If your car is repossessed and the sale price doesn’t cover your loan balance plus costs and fees, you may owe the lender the difference. This is called a deficiency. In this article you can learn when a deficiency occurs in car repossessions and what the lender must do in order to collect the deficiency from you.
(To learn more about car repossession, see our Repossession of Cars & Property area.)
In most cases, when the lender repossesses your car, it sells the car and uses the proceeds to pay off your loan and certain costs and fees. If the sale proceeds don’t cover these amounts, you owe a deficiency. The costs and fees usually include:
Most states allow the lender to apply the sale proceeds in this order:
Example. Say you owe $8,000 on a car loan before defaulting on payments. The lender repossesses the car and sells it at auction for $1,500. The lender's repo and auction fees are $100. You would owe a deficiency in the amount of $6,400 [($8,000 + $100) - $1,500].
After the repossession sale, most states require the car loan lender to send you a written explanation of how it calculated the deficiency. The creditor may send you something called a deficiency letter, demanding payment. If you do not pay the deficiency or reach some resolution with the creditor, the creditor cannot use other collection methods until it sues you in court and gets a judgment against you, called a deficiency judgment.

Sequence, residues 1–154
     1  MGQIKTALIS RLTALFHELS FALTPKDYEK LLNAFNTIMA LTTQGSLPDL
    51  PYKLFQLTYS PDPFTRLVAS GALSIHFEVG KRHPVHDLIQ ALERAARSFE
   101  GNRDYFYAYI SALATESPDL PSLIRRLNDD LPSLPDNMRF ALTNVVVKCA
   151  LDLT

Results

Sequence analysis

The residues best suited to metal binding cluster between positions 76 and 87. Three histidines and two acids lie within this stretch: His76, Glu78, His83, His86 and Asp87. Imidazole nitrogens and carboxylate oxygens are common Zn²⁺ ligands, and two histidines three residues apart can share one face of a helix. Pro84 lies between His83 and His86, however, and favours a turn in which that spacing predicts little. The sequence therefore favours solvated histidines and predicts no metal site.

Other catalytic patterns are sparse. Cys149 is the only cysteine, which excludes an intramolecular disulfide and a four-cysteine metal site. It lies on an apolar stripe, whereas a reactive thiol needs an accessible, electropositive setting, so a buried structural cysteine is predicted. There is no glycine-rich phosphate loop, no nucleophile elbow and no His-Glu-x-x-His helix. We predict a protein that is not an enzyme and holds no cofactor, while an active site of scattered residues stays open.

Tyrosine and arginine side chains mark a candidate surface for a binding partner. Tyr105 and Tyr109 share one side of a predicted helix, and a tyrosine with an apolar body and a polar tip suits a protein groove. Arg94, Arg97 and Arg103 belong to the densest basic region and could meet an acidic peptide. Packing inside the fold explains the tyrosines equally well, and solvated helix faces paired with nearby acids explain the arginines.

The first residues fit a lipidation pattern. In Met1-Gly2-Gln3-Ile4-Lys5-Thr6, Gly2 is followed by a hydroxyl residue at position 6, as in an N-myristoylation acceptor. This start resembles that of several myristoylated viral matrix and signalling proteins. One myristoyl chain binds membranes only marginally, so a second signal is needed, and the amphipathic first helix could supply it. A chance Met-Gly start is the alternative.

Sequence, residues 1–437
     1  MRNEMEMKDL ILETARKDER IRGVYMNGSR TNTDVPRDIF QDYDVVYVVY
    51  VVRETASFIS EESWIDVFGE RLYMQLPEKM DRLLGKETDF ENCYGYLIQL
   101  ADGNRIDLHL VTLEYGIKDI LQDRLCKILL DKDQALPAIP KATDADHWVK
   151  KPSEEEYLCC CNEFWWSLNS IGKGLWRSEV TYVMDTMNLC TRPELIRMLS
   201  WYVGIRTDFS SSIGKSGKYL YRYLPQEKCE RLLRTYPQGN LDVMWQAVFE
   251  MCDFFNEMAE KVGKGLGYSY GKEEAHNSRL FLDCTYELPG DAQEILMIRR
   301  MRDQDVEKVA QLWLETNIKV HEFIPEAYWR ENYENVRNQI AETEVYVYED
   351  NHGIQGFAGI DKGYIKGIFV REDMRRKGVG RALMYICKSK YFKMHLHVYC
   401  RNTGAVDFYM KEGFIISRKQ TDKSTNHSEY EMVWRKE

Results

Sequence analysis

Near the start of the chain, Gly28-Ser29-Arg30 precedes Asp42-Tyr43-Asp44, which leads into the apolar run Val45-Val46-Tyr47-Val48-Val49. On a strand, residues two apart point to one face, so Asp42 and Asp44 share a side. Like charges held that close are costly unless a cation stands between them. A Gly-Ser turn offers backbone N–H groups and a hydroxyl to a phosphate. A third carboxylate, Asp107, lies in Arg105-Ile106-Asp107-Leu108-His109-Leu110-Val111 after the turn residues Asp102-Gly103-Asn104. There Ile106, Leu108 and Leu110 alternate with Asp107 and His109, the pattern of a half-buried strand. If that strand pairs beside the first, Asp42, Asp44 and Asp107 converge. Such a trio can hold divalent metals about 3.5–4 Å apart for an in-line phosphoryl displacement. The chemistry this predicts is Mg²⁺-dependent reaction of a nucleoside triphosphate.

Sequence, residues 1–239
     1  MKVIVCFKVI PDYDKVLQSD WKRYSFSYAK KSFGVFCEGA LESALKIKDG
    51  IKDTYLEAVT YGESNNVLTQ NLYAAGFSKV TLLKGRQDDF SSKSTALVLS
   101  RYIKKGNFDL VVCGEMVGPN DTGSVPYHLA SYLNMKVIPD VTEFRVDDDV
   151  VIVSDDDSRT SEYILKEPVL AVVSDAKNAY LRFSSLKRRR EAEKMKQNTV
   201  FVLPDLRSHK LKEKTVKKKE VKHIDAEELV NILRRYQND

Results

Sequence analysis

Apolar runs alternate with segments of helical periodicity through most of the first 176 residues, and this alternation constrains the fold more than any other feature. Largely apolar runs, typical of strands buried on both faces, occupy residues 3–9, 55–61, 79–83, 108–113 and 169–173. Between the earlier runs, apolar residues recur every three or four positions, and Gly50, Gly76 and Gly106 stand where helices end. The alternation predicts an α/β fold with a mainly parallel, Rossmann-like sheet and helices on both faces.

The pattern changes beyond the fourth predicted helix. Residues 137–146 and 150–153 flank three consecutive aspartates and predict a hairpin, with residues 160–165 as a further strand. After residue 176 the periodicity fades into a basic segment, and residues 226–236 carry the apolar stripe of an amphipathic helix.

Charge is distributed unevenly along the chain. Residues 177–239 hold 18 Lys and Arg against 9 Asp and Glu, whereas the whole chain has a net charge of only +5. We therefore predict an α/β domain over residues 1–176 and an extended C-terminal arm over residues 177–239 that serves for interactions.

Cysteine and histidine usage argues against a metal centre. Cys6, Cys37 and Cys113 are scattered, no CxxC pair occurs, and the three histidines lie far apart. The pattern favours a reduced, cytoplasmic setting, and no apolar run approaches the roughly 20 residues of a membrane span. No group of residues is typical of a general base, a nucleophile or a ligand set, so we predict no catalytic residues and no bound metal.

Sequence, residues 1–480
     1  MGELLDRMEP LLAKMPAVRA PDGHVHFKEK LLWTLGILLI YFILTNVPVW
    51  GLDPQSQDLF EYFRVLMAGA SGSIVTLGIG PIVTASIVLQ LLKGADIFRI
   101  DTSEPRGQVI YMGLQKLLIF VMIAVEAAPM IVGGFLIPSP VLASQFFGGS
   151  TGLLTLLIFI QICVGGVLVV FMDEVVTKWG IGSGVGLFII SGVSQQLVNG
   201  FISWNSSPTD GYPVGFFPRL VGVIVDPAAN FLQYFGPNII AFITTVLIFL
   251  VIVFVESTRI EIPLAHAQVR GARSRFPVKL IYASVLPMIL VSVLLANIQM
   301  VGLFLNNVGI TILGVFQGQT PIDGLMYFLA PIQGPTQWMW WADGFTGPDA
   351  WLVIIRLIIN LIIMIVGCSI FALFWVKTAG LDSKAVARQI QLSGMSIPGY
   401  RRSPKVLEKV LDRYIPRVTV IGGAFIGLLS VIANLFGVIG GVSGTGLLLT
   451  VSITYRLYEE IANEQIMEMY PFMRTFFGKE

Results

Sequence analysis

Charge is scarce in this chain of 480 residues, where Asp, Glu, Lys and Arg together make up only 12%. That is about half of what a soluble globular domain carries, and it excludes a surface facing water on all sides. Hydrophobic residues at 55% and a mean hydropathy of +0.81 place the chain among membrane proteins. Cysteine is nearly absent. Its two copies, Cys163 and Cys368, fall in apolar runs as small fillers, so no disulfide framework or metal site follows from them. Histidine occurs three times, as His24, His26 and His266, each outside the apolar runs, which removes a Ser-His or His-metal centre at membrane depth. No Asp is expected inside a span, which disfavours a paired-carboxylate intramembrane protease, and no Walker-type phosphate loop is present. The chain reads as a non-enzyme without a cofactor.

The lender starts the lawsuit by filing a complaint. You then have a certain period of time (often at least 28 days) to file an answer to the complaint and raise your own defenses. This gives you an opportunity to contest the creditor's claim for the deficiency. In your answer, you can point out any defects in the way the creditor repossessed and sold the car, or provide evidence as to why the amount it calculated for the deficiency is incorrect.
Some examples of defenses that might apply include:
If the creditor did not comply with legal requirements, the court may refuse to grant it a deficiency judgment.
You may also be able to file a counterclaim against the creditor if it violated your state's consumer laws or federal consumer laws.